- Ms X questioned the conduct of the care worker on the day her sister died. She wanted the care worker to provide a written account of the day. Ms X also queried entries made by the care worker in the communication book.
- Foremost Care did not reply. Ms X complained to the Ombudsman because she did not receive anything further from the company despite chasing a reply.
- There are regulations in the Health and Social Care Act 2008 (Regulated Activities) Regulations 2014 which care providers must meet. Regulation 16 on receiving and acting on complaints requires care companies to thoroughly investigate and act on complaints received. In this case, I find Foremost Care did not thoroughly investigate Ms X’s concerns. It did not respond to her complaint beyond a rudimentary reply. It did not provide information on its complaints process and signpost her to the Ombudsman.
- Regulation 20 sets out a duty of candour. The intention of this regulation is that service providers are open and transparent with people who use their services as well as people acting lawfully on their behalf. Service providers should provide truthful information and an apology when things go wrong. I find Foremost Care failed to meet the requirements of Regulation 20. I find there was service failure by Foremost Care and this caused Ms X an injustice.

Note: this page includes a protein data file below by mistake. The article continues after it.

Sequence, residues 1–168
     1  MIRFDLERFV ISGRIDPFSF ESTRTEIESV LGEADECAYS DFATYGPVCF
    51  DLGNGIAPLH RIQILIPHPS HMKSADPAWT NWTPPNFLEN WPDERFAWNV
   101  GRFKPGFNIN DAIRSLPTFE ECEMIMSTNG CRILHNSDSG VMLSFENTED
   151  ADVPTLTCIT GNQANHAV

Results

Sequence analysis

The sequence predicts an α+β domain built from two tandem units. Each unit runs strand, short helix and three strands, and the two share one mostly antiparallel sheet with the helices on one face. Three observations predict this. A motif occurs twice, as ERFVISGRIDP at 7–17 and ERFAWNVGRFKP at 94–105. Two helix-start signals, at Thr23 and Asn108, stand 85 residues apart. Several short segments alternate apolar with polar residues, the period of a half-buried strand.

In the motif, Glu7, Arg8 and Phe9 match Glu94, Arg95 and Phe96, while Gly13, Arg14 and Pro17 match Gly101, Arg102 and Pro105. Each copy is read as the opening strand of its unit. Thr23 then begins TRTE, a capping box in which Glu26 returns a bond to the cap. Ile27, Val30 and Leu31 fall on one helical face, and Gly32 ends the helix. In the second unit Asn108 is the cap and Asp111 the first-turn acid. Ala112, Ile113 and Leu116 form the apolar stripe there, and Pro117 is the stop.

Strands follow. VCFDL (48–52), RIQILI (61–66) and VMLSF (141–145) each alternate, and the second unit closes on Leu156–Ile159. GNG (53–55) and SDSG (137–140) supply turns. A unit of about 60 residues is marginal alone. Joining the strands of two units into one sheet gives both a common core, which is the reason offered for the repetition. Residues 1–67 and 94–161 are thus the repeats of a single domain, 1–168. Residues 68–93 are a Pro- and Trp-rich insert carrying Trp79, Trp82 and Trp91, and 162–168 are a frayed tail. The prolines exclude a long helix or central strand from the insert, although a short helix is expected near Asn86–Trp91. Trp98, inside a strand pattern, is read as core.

- To address the injustice caused to Ms X, I recommend:
- Foremost Care issues an apology to Ms X.
- An explanation should now be given to Ms X in answer to the queries she has about events on the day of her sister’s death.
- It should also pay Ms X £100 to reflect the avoidable time and trouble she was put to in pursuit of this matter.
- Foremost Care institutes training for its staff on how to deal with complaints. It should be clear to all staff dealing with complaints that final complaint responses must refer to the complainant’s right to seek redress from the Ombudsman.
- I have completed the investigation and uphold Ms X’s complaint. Ms X has been caused an injustice by the actions of the service provider and I have recommended it takes action to remedy that injustice.
Investigator's decision on behalf of the Ombudsman